The United Statesfirst got involved in Vietnam when President Harry
Truman extended official international recognition of Vietnam, Laos, and
Cambodia on Feb. 7, 1950 (according to Professor Sandra Whittman, Oakton
Community College, Des Plaines Illinois). This recognition by Truman was by
way of taking sides with the south, as the north’s communist-led aggression
led American presidents to fear the “Domino Theory”: when one country falls
to the communists, such as Korea, others will fall like dominos, too; and
if Vietnam was to fall, Truman, and later Eisenhower believed, all of
Truman set up a group of “advisors” known as the Military Assistance
and Advisory Group (MAAG), to advise the French, as they fought communist-
led insurgents (Viet Minh) in the north of Vietnam. Truman initiated the
training of “unconventional warfare operations and forces.” And when the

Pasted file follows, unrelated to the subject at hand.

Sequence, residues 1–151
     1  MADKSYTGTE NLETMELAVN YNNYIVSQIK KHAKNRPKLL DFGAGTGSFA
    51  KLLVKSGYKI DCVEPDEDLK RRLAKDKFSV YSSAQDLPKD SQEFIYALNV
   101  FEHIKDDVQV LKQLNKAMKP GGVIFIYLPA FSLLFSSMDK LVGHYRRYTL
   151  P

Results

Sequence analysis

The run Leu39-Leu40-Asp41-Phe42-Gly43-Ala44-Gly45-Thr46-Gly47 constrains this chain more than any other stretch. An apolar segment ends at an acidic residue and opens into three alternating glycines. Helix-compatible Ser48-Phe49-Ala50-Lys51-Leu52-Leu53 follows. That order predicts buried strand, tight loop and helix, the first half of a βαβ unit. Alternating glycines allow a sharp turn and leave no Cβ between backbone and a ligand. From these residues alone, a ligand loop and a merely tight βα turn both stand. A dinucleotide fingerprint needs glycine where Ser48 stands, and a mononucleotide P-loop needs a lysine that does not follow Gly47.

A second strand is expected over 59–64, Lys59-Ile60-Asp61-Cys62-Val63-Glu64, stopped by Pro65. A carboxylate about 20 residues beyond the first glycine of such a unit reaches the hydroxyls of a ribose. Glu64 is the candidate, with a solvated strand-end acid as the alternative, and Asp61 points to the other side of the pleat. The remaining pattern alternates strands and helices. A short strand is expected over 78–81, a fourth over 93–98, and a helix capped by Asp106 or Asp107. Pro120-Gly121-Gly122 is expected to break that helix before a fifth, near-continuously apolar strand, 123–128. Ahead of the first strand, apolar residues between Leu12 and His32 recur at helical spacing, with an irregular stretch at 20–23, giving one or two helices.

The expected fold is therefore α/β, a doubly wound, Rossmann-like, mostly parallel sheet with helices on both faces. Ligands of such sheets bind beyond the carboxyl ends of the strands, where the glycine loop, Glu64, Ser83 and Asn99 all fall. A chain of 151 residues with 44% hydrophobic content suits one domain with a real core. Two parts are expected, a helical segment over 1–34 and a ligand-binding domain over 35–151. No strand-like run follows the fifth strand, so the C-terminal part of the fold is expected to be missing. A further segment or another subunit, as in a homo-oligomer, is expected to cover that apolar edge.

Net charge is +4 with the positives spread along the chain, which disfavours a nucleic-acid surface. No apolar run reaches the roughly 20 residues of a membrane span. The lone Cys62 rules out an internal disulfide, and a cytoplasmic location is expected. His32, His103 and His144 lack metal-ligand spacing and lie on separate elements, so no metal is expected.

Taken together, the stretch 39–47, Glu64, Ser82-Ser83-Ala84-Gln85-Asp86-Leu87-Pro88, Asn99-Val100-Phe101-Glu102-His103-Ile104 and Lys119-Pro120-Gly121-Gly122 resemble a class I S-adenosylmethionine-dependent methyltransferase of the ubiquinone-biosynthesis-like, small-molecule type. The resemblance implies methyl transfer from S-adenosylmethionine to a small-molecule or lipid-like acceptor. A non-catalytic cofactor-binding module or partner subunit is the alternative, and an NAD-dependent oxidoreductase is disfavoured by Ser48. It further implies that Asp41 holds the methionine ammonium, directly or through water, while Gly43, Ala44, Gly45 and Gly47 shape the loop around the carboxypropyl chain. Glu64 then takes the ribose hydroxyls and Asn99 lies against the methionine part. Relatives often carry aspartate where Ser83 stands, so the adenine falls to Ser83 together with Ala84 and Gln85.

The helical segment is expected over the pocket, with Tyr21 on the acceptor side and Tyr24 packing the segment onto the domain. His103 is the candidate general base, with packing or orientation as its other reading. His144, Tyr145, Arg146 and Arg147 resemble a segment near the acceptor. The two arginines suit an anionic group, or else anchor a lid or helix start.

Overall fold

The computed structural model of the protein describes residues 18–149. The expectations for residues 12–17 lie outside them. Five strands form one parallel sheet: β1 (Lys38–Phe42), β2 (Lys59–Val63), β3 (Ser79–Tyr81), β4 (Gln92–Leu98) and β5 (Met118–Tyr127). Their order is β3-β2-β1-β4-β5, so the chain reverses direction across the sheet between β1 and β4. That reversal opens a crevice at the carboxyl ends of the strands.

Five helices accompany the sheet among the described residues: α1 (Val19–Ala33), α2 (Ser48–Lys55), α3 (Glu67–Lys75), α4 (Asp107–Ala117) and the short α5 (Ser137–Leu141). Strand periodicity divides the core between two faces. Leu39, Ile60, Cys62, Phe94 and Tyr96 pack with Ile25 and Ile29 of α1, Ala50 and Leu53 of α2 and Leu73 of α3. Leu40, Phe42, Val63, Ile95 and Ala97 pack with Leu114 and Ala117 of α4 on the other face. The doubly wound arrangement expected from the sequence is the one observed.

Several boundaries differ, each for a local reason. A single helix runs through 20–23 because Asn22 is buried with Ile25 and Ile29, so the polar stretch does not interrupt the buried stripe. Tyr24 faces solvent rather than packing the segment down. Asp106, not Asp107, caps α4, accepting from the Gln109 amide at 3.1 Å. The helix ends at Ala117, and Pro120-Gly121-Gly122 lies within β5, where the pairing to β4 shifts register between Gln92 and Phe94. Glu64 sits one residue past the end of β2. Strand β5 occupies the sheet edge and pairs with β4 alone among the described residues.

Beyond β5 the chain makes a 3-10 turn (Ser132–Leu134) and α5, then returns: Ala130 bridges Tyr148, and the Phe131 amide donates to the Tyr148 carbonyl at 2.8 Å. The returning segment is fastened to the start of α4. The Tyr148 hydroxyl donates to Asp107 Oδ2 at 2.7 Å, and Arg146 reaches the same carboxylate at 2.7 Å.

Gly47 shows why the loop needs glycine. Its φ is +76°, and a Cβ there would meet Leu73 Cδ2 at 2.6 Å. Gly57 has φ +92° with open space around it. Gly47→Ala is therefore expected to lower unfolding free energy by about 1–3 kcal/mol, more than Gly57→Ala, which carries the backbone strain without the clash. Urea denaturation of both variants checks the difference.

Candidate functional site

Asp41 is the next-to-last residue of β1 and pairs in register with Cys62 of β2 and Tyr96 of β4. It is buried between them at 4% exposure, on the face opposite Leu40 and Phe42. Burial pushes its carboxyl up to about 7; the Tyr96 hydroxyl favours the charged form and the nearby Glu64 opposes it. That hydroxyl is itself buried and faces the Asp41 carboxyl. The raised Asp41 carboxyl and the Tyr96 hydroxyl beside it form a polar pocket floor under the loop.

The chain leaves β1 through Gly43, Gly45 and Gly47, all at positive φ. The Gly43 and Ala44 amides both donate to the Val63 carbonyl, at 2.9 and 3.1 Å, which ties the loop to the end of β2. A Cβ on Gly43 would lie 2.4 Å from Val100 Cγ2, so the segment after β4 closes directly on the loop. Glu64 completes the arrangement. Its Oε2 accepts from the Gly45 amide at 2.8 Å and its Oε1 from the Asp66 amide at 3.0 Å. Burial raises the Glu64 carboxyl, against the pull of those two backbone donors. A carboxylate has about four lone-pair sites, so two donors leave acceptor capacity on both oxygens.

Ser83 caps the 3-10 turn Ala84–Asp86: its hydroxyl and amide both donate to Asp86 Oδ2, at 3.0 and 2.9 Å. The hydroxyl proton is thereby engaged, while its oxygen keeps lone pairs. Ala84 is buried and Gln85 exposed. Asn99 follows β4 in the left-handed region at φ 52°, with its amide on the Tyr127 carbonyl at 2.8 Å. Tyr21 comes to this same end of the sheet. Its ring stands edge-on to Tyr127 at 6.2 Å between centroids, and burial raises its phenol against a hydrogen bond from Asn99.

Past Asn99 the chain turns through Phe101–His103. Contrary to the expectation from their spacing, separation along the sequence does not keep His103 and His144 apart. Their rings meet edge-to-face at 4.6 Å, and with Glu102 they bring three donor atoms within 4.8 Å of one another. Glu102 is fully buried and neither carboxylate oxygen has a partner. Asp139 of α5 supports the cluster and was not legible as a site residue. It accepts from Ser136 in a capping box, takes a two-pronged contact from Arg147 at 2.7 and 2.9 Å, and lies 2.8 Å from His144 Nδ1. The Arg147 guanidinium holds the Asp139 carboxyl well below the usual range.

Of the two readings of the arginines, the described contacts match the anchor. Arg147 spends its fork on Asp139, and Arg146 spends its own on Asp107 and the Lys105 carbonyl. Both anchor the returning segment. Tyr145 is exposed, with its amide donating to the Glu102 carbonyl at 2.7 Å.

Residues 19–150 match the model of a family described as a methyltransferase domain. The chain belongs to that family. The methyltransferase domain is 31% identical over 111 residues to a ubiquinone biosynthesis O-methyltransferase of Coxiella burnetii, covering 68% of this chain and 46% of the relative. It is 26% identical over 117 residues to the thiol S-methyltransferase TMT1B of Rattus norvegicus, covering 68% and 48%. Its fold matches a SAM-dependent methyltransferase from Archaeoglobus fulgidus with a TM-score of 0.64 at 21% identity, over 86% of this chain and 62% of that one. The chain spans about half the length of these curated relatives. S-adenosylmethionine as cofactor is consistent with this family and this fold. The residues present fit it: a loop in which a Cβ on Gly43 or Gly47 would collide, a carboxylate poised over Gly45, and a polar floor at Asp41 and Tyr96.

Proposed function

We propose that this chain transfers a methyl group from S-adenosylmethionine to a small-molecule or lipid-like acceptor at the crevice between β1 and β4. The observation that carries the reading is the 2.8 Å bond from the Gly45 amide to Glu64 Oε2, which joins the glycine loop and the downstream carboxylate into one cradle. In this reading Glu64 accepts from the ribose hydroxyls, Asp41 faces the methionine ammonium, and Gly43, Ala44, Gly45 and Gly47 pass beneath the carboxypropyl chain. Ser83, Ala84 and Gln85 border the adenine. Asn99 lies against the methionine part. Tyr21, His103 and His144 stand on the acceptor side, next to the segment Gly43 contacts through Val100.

French were defeated by the Viet Minh at the battle of Dien Bien Phu,
President Dwight D. Eisenhower established a CIA military mission in
In July, 1959, thefirst American military deaths occurred as two
“advisors” (soldiers) were killed. By 1961, under President John Kennedy,
there were 1,500 Americans in South Vietnam. In August, 1964, President
Johnson responds to an alleged attack on the U.S. Navy (in the Gulf of
Tonkin) by getting Congress to approve the bombing of North Vietnam and
later (in 1965), Johnson sends ground troops. Up to a half a million troops
are engaged by the late 1960s. Question: What was the common link between
all four U.S. presidents’ Answer: Communism and the “Domino Theory.” What
caused the U.S. to commit to the war’ The goal was stopping the communists.